Assembly Speaker Robin Vos (R-Rochester), center, is flanked by Rep. Mark Born (R-Beaver Dam), left, and Assembly Majority Leader Jim Steineke (R-Kaukauna) during a press conference before an attempt to override 
Gov. Tony Evers' veto of a bill to prematurely end the $300-a-week federal unemployment benefit. (Photo by Christina Lieffring)
Assembly Speaker Robin Vos (R-Rochester), center, is flanked by Rep. Mark Born (R-Beaver Dam), left, and Assembly Majority Leader Jim Steineke (R-Kaukauna) during a press conference before an attempt to override Gov. Tony Evers' veto of a bill to prematurely end the $300-a-week federal unemployment benefit. (Photo by Christina Lieffring)

The vote to override Gov. Tony Evers’ veto of the bill failed along party lines. The boost will remain until its original September expiration date.

Not many Democratic Assembly representatives spoke during Tuesday’s extraordinary floor session during which Republicans tried to override Gov. Tony Evers’ veto of a bill to end federal unemployment benefits, which are already scheduled to end in September. 

The general lack of effort probably came because they knew it was pointless, a political stunt. 

Democrats cited statistics and studies about why Wisconsin is short of workers—it’s an issue that’s been around much longer than the $300-a-week unemployment benefits made possible by federal COVID-19 relief measures—and Republicans responded with anecdotes and arguments that “people don’t want to work” because they’d rather sit at home and make the equivalent of $16.75 per hour on unemployment.

​​”This whole thing is nothing more than an exercise in futility,” Rep. Christine Sinicki (D-Milwaukee) said. “Nothing more than a political game.”

Their Republican colleagues likely already knew that they would not get the two-thirds votes required to override the veto. The vote failed 59-37, along party lines.

RELATED: GOP Lawmakers Didn’t Pass a Bill for 300 Days During COVID. Now They Want to Take $300 per Week From the Unemployed.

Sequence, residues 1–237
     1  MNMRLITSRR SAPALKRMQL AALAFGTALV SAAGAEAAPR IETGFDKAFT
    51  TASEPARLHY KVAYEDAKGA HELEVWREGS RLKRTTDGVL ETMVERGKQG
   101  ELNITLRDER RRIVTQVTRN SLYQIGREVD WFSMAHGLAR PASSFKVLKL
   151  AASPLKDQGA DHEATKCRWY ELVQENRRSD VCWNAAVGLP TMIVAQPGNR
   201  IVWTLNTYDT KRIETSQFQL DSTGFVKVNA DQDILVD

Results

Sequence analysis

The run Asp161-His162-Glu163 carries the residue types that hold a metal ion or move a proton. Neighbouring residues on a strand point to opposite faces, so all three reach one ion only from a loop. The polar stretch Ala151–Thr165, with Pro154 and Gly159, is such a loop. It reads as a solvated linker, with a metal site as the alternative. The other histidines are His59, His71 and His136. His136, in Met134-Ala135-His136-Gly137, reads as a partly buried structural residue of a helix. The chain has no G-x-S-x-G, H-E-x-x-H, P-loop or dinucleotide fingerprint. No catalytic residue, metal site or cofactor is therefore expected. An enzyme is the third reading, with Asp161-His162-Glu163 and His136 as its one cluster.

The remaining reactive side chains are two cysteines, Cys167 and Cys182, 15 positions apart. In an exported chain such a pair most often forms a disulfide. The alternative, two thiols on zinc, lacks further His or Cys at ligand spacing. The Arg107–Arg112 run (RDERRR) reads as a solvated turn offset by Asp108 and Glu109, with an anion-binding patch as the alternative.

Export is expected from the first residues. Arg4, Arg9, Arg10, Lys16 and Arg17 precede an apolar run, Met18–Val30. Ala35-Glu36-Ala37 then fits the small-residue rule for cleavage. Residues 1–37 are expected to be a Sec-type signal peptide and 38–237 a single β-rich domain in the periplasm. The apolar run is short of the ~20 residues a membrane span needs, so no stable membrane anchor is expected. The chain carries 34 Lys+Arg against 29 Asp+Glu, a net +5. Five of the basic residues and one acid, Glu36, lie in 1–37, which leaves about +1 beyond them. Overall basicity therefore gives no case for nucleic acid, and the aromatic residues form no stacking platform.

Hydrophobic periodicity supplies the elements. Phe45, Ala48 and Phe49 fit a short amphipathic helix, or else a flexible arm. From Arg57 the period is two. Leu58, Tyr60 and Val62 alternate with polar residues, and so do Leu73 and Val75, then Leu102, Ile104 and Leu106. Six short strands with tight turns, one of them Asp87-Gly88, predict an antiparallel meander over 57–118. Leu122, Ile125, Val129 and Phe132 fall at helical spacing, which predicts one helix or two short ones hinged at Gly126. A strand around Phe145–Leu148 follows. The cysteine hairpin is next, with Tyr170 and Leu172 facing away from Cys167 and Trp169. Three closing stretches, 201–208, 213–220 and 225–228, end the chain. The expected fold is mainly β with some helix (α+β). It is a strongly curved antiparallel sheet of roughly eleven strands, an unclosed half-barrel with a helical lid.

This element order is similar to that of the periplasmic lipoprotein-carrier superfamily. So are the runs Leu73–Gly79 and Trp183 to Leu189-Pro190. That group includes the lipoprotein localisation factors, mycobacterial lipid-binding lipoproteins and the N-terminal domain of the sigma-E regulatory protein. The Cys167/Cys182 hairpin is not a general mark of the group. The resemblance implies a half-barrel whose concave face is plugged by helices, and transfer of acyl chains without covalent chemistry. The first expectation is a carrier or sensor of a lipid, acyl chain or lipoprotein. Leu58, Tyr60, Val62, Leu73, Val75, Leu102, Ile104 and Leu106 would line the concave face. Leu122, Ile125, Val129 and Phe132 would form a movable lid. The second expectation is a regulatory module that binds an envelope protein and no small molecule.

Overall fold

Even if the vote didn’t fall short, removing the federal unemployment benefit probably wouldn’t make any difference with Wisconsin’s worker shortage, if other states that have prematurely ended the benefit are any indication. Aside from a few urban hubs, Wisconsin’s working population has been decreasing since 2010. The labor market was tight pre-pandemic and it’s even tighter now for a variety of reasons.

And now that workers have options, they don’t need to work for employers who don’t respect them or their labor. 

During his floor remarks, Rep. Michael Schraa (R-Oshkosh) said he was struggling to find workers and added that one restaurant owner told him she had to bus tables because she was so short-staffed.

“It’s no surprise that [Schraa] is struggling to retain workers. I certainly wouldn’t want to work for you,” Rep. Francesca Hong (D-Madison) responded. “It is an honor to bus tables at a restaurant. If I could pay every single one of my employees more than everyone in here makes, I absolutely would.”

The Republican-led legislature has ignored other calls to address the situation by helping people access health care, (by expanding BadgerCare), child care, senior care, transportation, job training, or connecting them with employers.

The Assembly’s extraordinary session—ordered by lawmakers—was not the only Tuesday meeting that resulted in no tangible action beyond political posturing. Evers also called a special session for Republicans to increase school funding, which was left largely flat in the 2021-23 state budget. Using his partial veto powers as he signed the budget, Evers blocked a transfer of $550 million to the state’s rainy day fund, leaving it in the state’s general fund to be used immediately. He requested lawmakers use that chunk of money on schools.

However, Assembly Speaker Robin Vos (R-Rochester) gaveled the session in and out without fanfare, drawing ire from Evers.

“It’s breathtaking, frankly, that Republicans had the chance to do the right thing, and do what’s best for our kids and they chose to play politics instead,” Evers said in a statement.